In the movie Grace, you can’t help but ask, “How far can a mother go for her child?” While, this is normally interpreted in a positive way, the movie twists motherly love into something positively freaky. It might not have been the first time I watched the movie, but Grace still bothered me immensely. It made me seriously question why I (or anyone) would want to be a mother.
Society teaches all young girls that motherhood (and of course being a wife) is part of their destiny. We’re taught to caring and nurturing that we might easily adapt to this role in the future. We’re taught to want it, almost desperately, especially when our biological clock is supposed to start ticking. Madeline embodies this need. You could tell from the opening scene that the sex was purely for procreative purposes (at least for her), there was no indication that it was a moment of intimacy between Madeline and Henry, as she seemed focused on something beyond them. To her, nothing seemed more important than getting her baby. Even when the baby is supposed to be dead, she still wants it. Even when Grace turns out to be a bloodsucking, flesh-eating zombie baby, Madeline still wants her and sacrifices everything for her. Maybe I’m being selfish, but is it really reasonable to give everything, blood and body, for someone? Her actions seemed to reflect a Christ-like martyrdom and an immense, incomparable love. It felt unreasonable for me, but that seems to be how motherly love is represented in this movie – immense and unconditional.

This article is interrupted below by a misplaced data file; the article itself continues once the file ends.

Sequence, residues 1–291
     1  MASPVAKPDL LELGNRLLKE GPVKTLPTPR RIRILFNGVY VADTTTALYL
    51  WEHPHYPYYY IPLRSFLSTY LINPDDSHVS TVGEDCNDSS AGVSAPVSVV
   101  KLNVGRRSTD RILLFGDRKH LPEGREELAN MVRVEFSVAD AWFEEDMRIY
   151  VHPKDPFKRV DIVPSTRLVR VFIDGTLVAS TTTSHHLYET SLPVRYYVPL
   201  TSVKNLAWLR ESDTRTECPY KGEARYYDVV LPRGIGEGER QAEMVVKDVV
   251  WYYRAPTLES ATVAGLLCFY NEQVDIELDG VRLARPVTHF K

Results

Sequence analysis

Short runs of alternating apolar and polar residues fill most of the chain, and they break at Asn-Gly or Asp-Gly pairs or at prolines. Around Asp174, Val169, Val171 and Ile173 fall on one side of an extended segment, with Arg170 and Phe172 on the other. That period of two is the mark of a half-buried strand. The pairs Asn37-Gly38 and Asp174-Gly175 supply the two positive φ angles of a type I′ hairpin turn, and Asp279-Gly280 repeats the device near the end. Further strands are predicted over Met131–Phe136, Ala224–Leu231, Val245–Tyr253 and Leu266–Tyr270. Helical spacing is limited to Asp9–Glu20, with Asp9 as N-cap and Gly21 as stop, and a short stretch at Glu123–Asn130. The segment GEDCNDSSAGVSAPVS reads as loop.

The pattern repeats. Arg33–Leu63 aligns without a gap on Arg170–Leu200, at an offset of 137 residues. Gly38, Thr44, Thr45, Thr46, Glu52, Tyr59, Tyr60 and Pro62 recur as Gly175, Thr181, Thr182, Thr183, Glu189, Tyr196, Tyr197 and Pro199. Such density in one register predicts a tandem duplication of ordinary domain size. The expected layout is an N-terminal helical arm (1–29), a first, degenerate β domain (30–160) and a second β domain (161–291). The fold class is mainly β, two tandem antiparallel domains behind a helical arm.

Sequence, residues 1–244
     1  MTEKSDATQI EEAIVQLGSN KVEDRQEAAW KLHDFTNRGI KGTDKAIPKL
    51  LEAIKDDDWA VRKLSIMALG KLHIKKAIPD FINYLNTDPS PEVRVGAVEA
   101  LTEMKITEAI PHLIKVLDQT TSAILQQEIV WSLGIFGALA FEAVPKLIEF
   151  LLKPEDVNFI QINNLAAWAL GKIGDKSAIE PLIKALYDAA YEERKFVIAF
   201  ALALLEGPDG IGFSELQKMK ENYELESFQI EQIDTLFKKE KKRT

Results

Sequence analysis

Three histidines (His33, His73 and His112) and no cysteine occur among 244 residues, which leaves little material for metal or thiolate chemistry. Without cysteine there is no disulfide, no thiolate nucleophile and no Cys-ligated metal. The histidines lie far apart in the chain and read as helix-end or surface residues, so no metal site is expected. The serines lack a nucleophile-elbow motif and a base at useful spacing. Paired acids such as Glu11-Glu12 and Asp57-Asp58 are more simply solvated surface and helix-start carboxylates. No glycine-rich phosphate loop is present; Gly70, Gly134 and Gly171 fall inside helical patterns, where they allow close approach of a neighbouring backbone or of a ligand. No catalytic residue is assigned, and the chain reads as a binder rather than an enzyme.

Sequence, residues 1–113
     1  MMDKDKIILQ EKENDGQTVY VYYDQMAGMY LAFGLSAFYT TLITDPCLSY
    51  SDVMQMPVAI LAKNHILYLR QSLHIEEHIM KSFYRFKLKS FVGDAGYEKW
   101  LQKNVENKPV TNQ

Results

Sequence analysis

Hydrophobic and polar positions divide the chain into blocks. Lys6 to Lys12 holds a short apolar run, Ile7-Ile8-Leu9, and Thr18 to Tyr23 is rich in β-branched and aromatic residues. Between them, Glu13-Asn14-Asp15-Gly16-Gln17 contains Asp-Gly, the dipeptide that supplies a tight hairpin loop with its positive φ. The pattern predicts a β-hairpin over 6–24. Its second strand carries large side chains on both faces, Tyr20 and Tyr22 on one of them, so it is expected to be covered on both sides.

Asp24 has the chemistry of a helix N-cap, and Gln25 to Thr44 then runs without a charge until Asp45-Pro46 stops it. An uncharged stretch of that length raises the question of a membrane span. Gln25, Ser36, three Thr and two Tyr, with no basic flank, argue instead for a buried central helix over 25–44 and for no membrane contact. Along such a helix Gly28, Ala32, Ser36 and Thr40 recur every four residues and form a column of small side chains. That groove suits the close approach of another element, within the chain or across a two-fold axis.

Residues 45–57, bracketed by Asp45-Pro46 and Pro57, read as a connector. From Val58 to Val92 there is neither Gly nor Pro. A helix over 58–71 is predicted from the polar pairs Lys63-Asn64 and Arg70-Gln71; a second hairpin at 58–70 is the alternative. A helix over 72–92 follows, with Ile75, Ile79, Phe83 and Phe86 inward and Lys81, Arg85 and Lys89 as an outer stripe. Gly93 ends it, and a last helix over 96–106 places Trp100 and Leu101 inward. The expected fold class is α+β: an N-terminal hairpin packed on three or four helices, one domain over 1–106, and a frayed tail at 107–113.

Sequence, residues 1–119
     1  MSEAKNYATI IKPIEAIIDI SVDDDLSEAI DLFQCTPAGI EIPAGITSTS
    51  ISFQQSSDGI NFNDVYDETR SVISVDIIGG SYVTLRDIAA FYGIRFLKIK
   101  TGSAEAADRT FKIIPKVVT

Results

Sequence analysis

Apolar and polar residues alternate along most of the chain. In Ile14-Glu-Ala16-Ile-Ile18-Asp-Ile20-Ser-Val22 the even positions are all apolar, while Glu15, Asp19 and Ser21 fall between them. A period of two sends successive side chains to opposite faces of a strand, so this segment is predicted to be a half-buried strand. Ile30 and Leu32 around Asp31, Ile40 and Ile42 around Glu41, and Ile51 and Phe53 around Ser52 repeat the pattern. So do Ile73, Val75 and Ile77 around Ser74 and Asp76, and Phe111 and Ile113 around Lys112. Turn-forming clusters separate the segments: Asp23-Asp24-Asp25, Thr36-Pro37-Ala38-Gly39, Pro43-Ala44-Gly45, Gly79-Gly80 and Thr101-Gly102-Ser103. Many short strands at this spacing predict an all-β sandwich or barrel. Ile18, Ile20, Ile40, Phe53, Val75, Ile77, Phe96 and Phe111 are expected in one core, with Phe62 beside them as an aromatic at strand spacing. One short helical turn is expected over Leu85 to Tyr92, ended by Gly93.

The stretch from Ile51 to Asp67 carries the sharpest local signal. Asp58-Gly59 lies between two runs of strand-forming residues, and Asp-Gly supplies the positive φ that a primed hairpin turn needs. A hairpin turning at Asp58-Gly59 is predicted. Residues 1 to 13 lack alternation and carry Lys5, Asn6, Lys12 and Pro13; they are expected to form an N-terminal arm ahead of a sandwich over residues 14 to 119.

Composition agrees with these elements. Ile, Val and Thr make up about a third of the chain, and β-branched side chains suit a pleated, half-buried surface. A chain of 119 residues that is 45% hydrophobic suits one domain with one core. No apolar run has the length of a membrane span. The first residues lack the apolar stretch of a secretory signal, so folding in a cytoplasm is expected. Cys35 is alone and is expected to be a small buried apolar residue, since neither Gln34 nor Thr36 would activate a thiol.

Love, of course, is great, but the brand of love shown in Grace bordered on obsessive, neurotic, and altogether too unhealthy. This was not just on the part of Madeline, but with Vivian as well. The role of mother seems to have a prime place in her life as she doesn’t seem to share a strong emotional connection with her husband, in the sense that they are partners trying to live out their lives together.Vivian is way too attached and controlling. She couldn’t let go of her fully-grown son, and when he dies, transfers her smothering attention onto her daughter-in-law. And when that doesn’t work, she seeks to be a mother again by trying to take Grace away. It’s no small wonder that Madeline avoids her as much as possible.
Granted, motherhood isn’t that extreme in real-life, at the very least the chances of having a monster baby is pretty miniscule. But being a mother, with all its joys and the satisfaction women get from fulfilling this role, is still about sacrifice. That was the most salient and unforgettable point I got from this movie. So, while motherhood may be for some women, I’m starting to feel it’s not quite for me.